The U.N. Children's Fund calls 2006 a make or break year for Sudan. UNICEF warns war could break out again if millions of refugees and internally displaced people lack jobs and basic health and educational services upon their return to the homes they fled in southern Sudan years ago.
UNICEF says the importance of rebuilding southern Sudan's shattered infrastructure and economy cannot be underestimated. The agency's Director of Emergency Programs, Dan Toole, calls this the most important year for Sudan and he says changes for the better must be made.
"People who have come out of war, local populations that want to return home, if they do not see schools, if they do not see health centers, if they do not see visible change in their lives, they will become frustrated, they will become angry, we may risk having war again in Sudan. We cannot take that risk. We must fund urgently and on a very large scale this year for Sudan," he said.
UNICEF is launching an appeal for $805 million to help women and children affected by humanitarian emergencies in 29 countries. More than one-third of this amount will go for programs in Sudan.
A year ago, the Sudanese government and rebel Sudan Liberation Army signed a peace agreement ending 21 years of civil war. U.N. agencies expect up to five million refugees and internally displaced people will want to return to the homes they fled in the south many years ago. But, they agree these returns will be sustainable only if services such as water, sanitation, and education are provided.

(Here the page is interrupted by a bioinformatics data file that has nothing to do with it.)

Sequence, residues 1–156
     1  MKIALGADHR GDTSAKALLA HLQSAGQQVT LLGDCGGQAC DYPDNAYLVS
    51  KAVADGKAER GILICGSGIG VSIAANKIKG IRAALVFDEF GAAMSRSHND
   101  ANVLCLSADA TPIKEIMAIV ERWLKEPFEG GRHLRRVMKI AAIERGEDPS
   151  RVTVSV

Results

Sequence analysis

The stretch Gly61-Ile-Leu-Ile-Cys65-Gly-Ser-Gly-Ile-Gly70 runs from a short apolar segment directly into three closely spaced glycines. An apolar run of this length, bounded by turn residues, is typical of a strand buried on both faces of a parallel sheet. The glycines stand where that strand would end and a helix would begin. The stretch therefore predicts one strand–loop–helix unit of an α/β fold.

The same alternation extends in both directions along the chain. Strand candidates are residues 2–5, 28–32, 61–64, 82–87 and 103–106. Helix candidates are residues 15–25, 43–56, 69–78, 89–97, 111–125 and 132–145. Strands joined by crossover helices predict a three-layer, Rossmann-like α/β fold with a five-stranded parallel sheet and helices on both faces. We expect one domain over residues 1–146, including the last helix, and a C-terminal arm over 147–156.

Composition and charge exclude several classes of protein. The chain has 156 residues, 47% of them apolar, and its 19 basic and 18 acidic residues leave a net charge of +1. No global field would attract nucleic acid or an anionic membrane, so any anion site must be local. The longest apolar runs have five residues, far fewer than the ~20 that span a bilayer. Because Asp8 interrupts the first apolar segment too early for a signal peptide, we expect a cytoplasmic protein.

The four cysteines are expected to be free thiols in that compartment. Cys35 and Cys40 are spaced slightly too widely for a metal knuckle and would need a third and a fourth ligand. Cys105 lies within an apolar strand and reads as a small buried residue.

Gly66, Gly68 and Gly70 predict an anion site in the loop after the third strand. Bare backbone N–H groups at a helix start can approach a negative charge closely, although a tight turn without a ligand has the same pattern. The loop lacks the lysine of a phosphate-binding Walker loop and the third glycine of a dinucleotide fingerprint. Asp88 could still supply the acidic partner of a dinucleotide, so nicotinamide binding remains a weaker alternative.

Toole says the face of emergencies has changed in the past 10 years. He says there are fewer conflicts and more natural disasters. In some ways, he says this is good because it is easier to get money for natural disasters than for wars that drag on for years without end.
For example, he says it is more difficult to raise money now than it was two years ago for Sudan's conflict-ridden province of Darfur and the hundreds of thousands of refugees who fled to Chad.
"There is still the need for very urgent, very significant support for the situation and operations in Darfur," he added. "The security situation particularly in West Darfur has deteriorated substantially in the last several weeks, therefore access is difficult and therefore we have difficulty in ensuring provision of water, sanitation and health services in those areas. I expect that throughout 2006, we will have a major humanitarian active operation in Darfur."
UNICEF estimates the survival of one-point-four-million children in Darfur is threatened. Several other major beneficiaries of UNICEF's appeal include the Democratic Republic of Congo, Ethiopia, and Uganda.
The agency also has large operations in Eastern and Southern Africa targeted at alleviating problems arising from drought, the HIV/AIDS pandemic, and widespread malnutrition.